Published online Nov 7, 2018. doi: 10.3748/wjg.v24.i41.4622
Peer-review started: July 5, 2018
First decision: August 25, 2018
Revised: October 8, 2018
Accepted: October 16, 2018
Article in press: October 16, 2018
Published online: November 7, 2018
The chronic inflammatory process underlying inflammatory bowel disease (IBD), comprising Crohn’s disease and ulcerative colitis, derives from the interplay of several components in a genetically susceptible host. These components include environmental elements and gut microbiota a dysbiosis. For decades, immune abnormalities have been investigated as critically important in IBD pathogenesis, and attempts to develop effective therapies have predominantly targeted the immune system. Nevertheless, immune events represent only one of the constituents contributing to IBD pathogenesis within the context of the complex cellular and molecular network underlying chronic intestinal inflammation. These factors need to be appreciated within the milieu of non-immune components. Damage-associated molecular patterns (DAMPs), which are essentially endogenous stress proteins expressed or released as a result of cell or tissue damage, have been shown to act as direct pro-inflammatory mediators. Excessive or persistent signalling mediated by such molecules can underlie several chronic inflammatory disorders, including IBD. The release of endogenous DAMPs amplifies the inflammatory response driven by immune and non-immune cells and promotes epigenetic reprogramming in IBD. The effects determine pathologic changes, which may sustain chronic intestinal inflammation and also underlie specific disease phenotypes. In addition to highlighting the potential use of DAMPs such as calprotectin as biomarkers, research on DAMPs may reveal novel mechanistic associations in IBD pathogenesis and is expected to uncover putative therapeutic targets.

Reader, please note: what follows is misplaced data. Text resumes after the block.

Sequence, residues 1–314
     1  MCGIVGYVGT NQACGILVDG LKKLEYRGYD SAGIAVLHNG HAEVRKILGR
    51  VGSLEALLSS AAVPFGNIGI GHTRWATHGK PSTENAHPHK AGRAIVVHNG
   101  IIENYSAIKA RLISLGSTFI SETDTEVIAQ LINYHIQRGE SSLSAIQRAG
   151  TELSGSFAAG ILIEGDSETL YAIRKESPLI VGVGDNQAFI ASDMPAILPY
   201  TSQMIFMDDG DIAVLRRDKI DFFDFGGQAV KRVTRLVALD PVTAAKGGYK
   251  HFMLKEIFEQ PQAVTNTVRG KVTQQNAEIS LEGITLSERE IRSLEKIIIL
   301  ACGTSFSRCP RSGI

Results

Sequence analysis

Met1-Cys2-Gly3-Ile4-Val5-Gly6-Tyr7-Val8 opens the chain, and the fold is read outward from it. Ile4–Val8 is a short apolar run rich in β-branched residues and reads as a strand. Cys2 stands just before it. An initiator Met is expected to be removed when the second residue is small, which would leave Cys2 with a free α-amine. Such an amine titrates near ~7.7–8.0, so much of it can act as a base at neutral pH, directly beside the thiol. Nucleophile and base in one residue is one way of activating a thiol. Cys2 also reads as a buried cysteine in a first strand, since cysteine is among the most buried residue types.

Core tip: Damage-associated molecular patterns (DAMPs) are basically endogenous stress molecules expressed or released as a consequence of cell or tissue damage. The release of endogenous DAMPs precipitates a secondary inflammatory response in inflammatory bowel disease (IBD), which may determine a self-sustaining chronic inflammatory process. DAMPs amplify the inflammatory response driven by immune and non-immune cells and promote several pathologic changes, which may be associated with specific disease phenotypes. Excessive or persistent DAMP-mediated signalling can result in epigenetic modifications, which may sustain chronic inflammation and also characterize IBD phenotypes. Preliminary studies targeting DAMPs have shown promising beneficial therapeutic effects both in human and experimental IBD.